one night with tickets selling for $2.00. Students interested in attending may contact Mr. ten Hoor. This is the first appearance of Helen Hayes and Maurice Evans in Grand Rapids. They are currently on a six month tour and will be playing in sixty-nine major cities and college towns.

English Profs to Convention

KLETZ ORGANIZER—Dorothy Burt, Kletz director, works at the grill from which many students and faculty members receive lunch daily. (Photo—Snyder)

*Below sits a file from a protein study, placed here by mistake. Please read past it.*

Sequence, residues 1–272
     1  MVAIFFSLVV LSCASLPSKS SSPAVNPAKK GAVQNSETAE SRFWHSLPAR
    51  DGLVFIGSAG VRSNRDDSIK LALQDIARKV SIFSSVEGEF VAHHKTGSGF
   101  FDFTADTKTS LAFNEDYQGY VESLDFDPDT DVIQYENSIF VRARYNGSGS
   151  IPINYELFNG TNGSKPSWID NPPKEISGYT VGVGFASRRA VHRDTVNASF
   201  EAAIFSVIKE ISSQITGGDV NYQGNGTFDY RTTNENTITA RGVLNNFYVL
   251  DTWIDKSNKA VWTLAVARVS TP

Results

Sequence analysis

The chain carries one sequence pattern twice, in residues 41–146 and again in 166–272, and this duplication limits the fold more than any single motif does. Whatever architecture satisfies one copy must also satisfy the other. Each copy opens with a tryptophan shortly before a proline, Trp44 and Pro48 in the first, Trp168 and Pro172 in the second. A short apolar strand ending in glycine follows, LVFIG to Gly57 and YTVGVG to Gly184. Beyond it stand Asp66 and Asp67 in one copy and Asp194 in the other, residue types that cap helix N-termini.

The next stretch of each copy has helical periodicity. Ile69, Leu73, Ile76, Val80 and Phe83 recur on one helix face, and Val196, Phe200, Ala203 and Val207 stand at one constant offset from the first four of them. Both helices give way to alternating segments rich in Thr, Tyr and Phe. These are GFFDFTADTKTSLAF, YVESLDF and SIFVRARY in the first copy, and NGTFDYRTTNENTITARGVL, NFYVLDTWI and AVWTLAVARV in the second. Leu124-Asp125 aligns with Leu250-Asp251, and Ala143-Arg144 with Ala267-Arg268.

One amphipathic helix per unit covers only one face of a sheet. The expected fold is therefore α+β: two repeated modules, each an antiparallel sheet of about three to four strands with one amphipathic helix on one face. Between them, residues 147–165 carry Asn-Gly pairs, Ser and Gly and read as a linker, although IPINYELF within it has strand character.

Brandsma Tells Why . . . Student Council president Rick Brandsma dictatorially disbanded the student council at Tuesday night's meeting. When questioned of his action, Rick replied: "I didn't think about really doing it until I reached the meeting. But the longer that I sat there, waiting for a quorum to arrive, the more convinced I became that this would be the only solution to our inactive council. If we are to accomplish any of our plans, the consent of the council is needed. But if the council isn't going to show up for meetings^ this is impossible. "There are things to be accomplished. I hope that this move will sober the council into becoming active, and thus stimulate the entire student body. "We all sit here complaining about the rules and restrictions, and yet no one is willing to come to meetings, participate in committees to communicate with the administration, tor even do a simple act like voting. President Lubbers is willing to help with any betterment for us but first we have to make our wishes known. "If we had been as active as we coud have been," Brandsma continued, "this temporary union wouldn't still be dragging along. Friday and Saturday night people could be playing pool and ping-pong, having coffee dates, or even dancing down in the Jul-